BEIRUT

Middle East

Egypt Islamists try to hold lead in 2nd round vote

  • An Egyptian man shows his ink-stained finger after he voted at a polling station in Giza, southwest of Cairo, on December 14, 2011. (AFP PHOTO/MOHAMMED ABED)

  • Egyptian men show their ink-stained finger after they voted at a polling station in Giza, southwest of Cairo, on December 14, 2011, during the second stage of Egypt's parliamentary elections. Some 18.8 million Egyptians are eligible to cast their ballots in this round of the first legislative polls since a popular uprising ended Hosni Mubarak's 30-year-rule in February. AFP PHOTO/MOHAMMED ABED

  • An Egyptian man drops his party ballot into the vote box at a polling station in Giza, southwest of Cairo, on December 14, 2011, during the second stage of Egypt's parliamentary elections. Some 18.8 million Egyptians are eligible to cast their ballots in this round of the first legislative polls since a popular uprising ended Hosni Mubarak's 30-year-rule in February. AFP PHOTO/MOHAMMED ABED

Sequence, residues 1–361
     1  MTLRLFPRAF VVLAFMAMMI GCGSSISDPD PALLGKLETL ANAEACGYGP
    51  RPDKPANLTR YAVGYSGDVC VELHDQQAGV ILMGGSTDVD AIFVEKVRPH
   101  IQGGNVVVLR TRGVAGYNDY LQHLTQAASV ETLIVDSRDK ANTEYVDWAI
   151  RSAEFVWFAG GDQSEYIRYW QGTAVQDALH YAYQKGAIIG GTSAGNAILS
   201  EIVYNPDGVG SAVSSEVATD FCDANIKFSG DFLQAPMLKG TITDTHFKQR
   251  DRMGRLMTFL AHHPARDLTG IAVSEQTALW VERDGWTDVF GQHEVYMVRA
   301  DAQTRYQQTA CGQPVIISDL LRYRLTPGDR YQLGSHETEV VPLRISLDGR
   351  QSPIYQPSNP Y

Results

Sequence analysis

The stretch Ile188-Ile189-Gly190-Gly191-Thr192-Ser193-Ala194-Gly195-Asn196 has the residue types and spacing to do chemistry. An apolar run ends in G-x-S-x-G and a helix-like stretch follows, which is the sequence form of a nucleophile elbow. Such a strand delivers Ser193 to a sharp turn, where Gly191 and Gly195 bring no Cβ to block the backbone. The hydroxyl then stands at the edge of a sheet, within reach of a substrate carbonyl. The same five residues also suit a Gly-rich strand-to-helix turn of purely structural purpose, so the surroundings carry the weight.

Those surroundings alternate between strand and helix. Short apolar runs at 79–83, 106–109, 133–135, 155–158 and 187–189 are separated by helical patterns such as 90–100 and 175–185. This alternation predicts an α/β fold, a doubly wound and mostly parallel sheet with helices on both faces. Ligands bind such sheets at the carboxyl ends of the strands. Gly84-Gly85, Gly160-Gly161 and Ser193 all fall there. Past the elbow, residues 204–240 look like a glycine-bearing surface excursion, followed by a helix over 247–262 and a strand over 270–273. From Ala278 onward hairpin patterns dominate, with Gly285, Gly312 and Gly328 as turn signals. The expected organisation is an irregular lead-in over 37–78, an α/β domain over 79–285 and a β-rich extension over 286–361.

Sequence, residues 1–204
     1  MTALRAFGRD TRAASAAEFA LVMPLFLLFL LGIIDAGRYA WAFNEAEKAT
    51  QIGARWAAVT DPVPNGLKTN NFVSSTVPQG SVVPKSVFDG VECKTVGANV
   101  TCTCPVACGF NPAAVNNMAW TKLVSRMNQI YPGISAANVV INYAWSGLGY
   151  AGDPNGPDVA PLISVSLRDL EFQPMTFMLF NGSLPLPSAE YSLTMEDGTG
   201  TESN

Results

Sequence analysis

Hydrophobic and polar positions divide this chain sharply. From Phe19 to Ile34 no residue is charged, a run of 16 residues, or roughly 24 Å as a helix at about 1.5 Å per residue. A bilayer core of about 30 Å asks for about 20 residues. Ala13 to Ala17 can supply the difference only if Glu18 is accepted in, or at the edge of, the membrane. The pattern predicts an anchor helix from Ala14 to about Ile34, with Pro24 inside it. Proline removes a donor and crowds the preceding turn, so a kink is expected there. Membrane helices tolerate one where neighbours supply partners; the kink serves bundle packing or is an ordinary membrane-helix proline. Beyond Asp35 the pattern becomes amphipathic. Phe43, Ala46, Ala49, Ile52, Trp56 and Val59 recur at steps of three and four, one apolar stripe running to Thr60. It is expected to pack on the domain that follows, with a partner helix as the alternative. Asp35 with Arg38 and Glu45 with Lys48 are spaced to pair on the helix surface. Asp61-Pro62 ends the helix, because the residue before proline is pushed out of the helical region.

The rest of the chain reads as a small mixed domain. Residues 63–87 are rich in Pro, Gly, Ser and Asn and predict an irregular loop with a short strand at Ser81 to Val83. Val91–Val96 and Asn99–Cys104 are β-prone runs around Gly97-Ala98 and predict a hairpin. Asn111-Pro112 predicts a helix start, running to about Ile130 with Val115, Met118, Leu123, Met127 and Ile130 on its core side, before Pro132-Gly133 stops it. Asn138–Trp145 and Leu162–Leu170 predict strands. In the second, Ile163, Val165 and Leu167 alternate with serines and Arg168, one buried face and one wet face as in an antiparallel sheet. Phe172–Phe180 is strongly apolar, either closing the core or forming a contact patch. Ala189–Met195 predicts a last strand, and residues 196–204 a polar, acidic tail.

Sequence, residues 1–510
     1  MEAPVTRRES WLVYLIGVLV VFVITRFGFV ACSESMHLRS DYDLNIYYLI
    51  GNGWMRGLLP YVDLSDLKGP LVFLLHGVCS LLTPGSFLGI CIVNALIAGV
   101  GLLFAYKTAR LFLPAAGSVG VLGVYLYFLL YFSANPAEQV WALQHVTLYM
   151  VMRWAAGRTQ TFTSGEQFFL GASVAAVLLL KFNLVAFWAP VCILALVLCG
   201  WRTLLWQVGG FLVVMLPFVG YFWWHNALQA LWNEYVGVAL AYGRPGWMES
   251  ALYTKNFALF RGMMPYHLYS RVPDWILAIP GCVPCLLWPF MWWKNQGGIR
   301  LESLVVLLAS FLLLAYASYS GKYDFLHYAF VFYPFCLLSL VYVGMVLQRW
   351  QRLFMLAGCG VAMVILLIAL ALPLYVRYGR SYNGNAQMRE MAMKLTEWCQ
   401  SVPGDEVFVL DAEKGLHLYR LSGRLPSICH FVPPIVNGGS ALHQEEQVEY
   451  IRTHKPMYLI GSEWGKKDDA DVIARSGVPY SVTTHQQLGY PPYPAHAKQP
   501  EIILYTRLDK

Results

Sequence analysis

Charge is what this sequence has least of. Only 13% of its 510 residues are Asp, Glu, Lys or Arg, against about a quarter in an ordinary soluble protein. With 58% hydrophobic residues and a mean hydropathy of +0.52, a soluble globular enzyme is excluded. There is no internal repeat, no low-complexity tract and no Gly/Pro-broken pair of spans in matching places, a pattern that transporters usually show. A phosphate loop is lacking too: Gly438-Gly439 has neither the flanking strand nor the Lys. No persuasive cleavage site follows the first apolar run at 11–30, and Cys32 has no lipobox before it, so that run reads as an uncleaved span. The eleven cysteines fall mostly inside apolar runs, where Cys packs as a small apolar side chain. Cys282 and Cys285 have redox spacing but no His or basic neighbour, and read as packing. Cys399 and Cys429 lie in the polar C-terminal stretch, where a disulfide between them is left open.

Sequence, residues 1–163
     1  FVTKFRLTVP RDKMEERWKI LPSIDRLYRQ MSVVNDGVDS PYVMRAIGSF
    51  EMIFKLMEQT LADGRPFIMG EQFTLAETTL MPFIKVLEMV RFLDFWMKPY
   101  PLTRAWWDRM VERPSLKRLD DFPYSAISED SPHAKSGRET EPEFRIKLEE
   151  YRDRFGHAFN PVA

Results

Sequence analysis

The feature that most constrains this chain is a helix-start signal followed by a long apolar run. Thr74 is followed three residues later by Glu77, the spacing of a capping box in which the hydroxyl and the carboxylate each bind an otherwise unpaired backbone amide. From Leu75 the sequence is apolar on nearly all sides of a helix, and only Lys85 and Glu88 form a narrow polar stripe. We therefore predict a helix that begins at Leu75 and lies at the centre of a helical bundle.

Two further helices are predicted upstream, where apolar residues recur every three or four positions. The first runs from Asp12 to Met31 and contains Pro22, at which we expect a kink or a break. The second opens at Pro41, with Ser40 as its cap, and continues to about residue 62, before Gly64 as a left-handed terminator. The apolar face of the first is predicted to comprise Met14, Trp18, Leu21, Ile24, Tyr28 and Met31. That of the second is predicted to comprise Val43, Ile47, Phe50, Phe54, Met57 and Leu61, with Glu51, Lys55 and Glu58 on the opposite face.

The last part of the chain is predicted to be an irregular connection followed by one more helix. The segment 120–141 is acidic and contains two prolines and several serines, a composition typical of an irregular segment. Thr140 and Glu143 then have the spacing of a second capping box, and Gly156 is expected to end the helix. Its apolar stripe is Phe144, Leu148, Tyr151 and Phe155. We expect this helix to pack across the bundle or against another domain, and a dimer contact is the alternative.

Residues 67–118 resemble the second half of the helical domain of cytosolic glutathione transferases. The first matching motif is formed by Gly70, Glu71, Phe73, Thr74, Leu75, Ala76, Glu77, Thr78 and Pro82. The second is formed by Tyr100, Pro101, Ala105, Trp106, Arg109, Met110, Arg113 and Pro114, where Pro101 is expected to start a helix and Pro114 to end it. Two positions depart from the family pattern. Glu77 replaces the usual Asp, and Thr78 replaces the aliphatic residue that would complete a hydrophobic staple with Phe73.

• Egyptians wait to vote outside a polling station in Giza, southwest of Cairo, on December 14, 2011. (AFP PHOTO/MOHAMMED ABED)

CAIRO: Egypt's rival Islamist groups sought more gains in the second round of a parliamentary election on Wednesday, with liberals also fighting for a voice in an army-led transition that began with the overthrow of Hosni Mubarak.

Egypt's first free election in six decades is unfolding in three stages until January. Even then, the generals who stepped in when an uprising toppled Mubarak in February will not hand power to civilians until after a presidential vote in mid-2012.

The pragmatic Muslim Brotherhood, its hardline Salafi rivals and a moderate faction won about two thirds of party-list votes in the first round. But the Brotherhood has signalled it wants a broad coalition, not a narrow Islamist front, in an assembly whose main task is to choose a body to draft a new constitution.

"This is the first time our vote counts," said Fatma Sayed, a government employee voting in Suez east of Cairo, recalling the routinely rigged elections of the 30-year Mubarak era. "We want to retain our rights."

The military will still appoint the government, but the next parliament will have legislative powers. It will also pick a 100-strong assembly to write a constitution that will define Egypt's political framework after decades of autocratic rule.

 

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